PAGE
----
Inclusive Policies for Emotionally Based School Refusal
by Pam F.
Secondary schools have become larger, busier and noisier places. Many children find this an unsuitable learning environment. The number of GCSE subjects children are expected to sit has increased dramatically in recent years, increasing stress on young people, seemingly because of an obsession with league tables. This obsession has led some schools to now expect young people to start their GCSE subjects at an even younger age, but it is no use having a school offering a whole host of GCSEs if a child is too frightened to get through the door.
- Labour’s education policy on EBSR must recognise that:
- Comprehensive education provides quality education for all.
- Children who miss an education miss many of life’s opportunities.
- Both small and larger schools can be comprehensive as well as inclusive.
- Children learn when they’re happy, nurtured and feel safe.
- Staff awareness of the early signs of EBSR is essential.
- Flexibility and co-operation of everyone is key to helping all children succeed.
- The curriculum a child follows needs to be appropriate, and considerations should be made for in context of their ability and of their health.
Labour’s strategy will be to ensure EBSR is recognised early, and that multi professional teams work together closely ensuring an inclusive outcome.
Qualified professionals should feel confident that their assessments are valued and trusted.
So what is EBSR?
Between 2-5% of children suffer from Emotionally Based School Refusal (EBSR) (1)
According to Anxiety UK (5), up to 1-6 children suffer from anxiety of some kind at some time in their lives.
EBSR differs from truancy as unlike truants, EBSR sufferers may exhibit:
• Severe difficulty in attending school—often amounting to prolonged absence
• Severe emotional upset—shown by such symptoms as excessive fearfulness, undue tempers, misery, or complaints of feeling ill without obvious organic cause on being faced with the prospect of going to school.
• Staying at home with the knowledge of the parents, when they should be at school, at some stage in the course of the disorder.
• Absence of significant anti-social disorders such as stealing, lying, wandering, destructiveness and sexual misbehaviour.
If EBSR is not recognised early enough, children can become more isolated, more anxious. The anxiety can intensify if the child gets further behind at school. Some children may never leave their homes and may be unwilling to attend CAMHS appointments. Such a child being taught on a 1:1 basis at home for prolonged periods may become increasingly socially withdrawn. Furthermore, such provision is expensive and unsustainable as well as inadequate and often inappropriate.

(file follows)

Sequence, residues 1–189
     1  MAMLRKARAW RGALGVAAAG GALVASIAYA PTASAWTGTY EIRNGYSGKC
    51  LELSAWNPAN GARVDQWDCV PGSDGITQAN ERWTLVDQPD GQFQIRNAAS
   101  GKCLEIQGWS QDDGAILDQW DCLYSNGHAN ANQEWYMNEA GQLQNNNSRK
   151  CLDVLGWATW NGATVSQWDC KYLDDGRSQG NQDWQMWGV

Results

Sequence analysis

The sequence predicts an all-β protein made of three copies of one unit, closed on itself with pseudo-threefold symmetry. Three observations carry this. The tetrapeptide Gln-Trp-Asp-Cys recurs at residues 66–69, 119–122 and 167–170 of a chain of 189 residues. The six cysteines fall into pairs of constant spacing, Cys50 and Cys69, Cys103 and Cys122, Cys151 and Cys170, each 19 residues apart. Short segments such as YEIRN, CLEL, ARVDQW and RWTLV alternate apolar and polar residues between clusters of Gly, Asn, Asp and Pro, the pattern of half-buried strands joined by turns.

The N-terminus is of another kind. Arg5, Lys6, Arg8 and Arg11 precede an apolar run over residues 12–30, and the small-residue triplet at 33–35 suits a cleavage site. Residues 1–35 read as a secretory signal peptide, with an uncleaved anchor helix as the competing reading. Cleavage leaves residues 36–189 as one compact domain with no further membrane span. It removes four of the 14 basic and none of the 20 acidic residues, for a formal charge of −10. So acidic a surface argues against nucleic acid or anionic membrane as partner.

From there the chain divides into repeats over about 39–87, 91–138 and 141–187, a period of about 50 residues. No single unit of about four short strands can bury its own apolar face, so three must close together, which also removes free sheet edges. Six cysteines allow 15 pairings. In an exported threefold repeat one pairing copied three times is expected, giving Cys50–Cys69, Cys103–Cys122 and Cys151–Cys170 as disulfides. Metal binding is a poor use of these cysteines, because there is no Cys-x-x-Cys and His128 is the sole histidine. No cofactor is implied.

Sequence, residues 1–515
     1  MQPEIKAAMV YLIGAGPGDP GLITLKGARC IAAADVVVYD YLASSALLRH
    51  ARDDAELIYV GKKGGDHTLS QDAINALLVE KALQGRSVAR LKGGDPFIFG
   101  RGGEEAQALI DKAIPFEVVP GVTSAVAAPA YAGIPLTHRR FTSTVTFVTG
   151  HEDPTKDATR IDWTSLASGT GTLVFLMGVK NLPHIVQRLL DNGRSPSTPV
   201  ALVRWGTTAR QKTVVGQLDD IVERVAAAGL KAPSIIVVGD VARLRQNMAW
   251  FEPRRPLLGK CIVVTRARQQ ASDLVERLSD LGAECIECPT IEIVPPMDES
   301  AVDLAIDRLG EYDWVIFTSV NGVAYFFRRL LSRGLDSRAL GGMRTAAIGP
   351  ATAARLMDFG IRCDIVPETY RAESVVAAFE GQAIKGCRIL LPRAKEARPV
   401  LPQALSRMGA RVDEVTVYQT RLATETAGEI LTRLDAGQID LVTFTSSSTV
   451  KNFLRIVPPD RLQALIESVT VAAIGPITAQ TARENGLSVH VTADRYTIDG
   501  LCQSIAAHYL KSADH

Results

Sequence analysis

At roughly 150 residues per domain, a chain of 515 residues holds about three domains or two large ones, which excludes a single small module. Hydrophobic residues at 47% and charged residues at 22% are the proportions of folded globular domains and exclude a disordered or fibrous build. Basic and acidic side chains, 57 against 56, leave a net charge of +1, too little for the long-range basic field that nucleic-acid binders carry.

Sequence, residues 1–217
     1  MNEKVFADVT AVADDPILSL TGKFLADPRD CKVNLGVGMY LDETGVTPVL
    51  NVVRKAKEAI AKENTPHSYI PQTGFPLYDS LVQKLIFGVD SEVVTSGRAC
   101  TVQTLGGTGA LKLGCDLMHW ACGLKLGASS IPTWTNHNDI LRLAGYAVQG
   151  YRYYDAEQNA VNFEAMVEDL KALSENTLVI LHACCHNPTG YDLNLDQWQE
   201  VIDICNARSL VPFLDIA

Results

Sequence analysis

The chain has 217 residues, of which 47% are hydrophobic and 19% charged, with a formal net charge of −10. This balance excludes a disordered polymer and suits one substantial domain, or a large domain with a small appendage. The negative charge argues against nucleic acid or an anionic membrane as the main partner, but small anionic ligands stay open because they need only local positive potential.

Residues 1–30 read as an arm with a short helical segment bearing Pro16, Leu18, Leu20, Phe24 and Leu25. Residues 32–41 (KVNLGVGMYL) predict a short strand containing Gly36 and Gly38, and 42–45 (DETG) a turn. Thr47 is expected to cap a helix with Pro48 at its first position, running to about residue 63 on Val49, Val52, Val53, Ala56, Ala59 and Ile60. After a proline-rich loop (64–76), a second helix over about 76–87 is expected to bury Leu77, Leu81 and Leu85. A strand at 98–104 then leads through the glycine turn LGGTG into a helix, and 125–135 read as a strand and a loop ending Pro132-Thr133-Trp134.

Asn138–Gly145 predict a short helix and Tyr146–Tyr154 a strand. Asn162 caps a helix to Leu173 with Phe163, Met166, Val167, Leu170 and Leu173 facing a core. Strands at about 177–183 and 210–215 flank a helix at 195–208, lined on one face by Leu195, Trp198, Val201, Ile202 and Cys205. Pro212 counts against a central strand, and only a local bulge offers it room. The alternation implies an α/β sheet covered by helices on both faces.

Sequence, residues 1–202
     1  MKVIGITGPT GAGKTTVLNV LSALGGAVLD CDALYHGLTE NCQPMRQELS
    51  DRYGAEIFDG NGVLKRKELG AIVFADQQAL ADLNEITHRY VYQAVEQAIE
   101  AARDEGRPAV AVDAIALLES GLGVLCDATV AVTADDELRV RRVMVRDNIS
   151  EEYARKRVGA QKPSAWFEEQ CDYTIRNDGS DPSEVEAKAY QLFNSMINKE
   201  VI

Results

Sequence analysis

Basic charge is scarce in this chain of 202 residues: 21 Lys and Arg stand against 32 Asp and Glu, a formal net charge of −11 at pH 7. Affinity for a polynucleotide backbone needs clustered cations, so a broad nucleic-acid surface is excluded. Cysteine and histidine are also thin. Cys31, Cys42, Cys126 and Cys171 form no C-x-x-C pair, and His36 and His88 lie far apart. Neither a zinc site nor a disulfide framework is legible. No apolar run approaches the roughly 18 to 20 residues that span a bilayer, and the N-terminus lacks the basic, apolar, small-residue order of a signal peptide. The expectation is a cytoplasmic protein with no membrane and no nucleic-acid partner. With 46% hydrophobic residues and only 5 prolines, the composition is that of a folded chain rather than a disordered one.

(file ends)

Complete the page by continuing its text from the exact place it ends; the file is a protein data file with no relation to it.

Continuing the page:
- Triggers causing EBSR vary and may indeed not be school based:
- School Transfer (especially Y 6 an Y7)
- Anxiety about the journey to school
- Educational demands
- The unpredictability of teacher’s demands or the school environment
- Bullying or the fear of being bullied
- Social Factors
- Traumatic events within the family
- A young person’s own long-term illness
Appropriate support put in early enough to assist a return to school is much more likely to be successful. Studies and workshops (2,3,4,) have produced some very helpful advice for schools and parents, but provision for EBSR varies widely throughout the nation. I would like to see Labour’s policy ensure provision is inclusive providing access to the curriculum and support from a range of multi-professional agencies working together. If the mainstream school environment itself or the nature of the curriculum is deemed to contribute to anxiety, then schools will need to recognise the need for flexibility and make adjustments, rather than the “one-size fits all policy”. Inclusion is about access to education and to society, it is not necessarily therefore to involve a large secondary school. Training of teaching staff and close co-operation of multi-professional teams is essential.
It is also concerning that EBSR can run in families, and therefore suffered by successive generations. The implication is clear, in that the social exclusion may continue into adult life, having further impact on mental health, on employment prospects, and the long-term quality of life for a whole family. The consequences could be depression, unemployment, and poverty and even suicide. It is not something to be ignored, however tempting it might seem to a teacher who does not have awareness of the condition to say, “Snap out of it.” It is unlikely to go away without intervention.
Labour’s caring, inclusive approach is the way forward. Every child matters, and so does every family. But schools need to be allowed the freedom of flexibility, so as to ensure the appropriate solution is found for each anxious child exhibiting EBSR.
Schools and health professionals working with them need to be reassured, to know that Labour trusts their assessments without looking over their shoulders at league tables, the arbitrary targets to which “New Labour” adhered and which restricted the approaches that professionals could take.
Our future society cannot afford to miss out the contributions lost to our society, caused by these damaged lives and failed opportunities. We want a Labour Party that creates a fair society in which all people can look forward to satisfying lives. We want a Labour Party that is totally committed to the belief that “Everyone Matters”.
References re EBSR: (Emotionally Based School Refusal)
1. Mary B Wimmer PhD, Understanding School Refusal
Helpful strategies from Social and Emotional Learning Update
3. EBSR, West Sussex Guidance for Schools, 2004
4. North Somerset Council, Every Child Matters, EBSR
Guidance for Schools pupils and families
5. Anxiety UK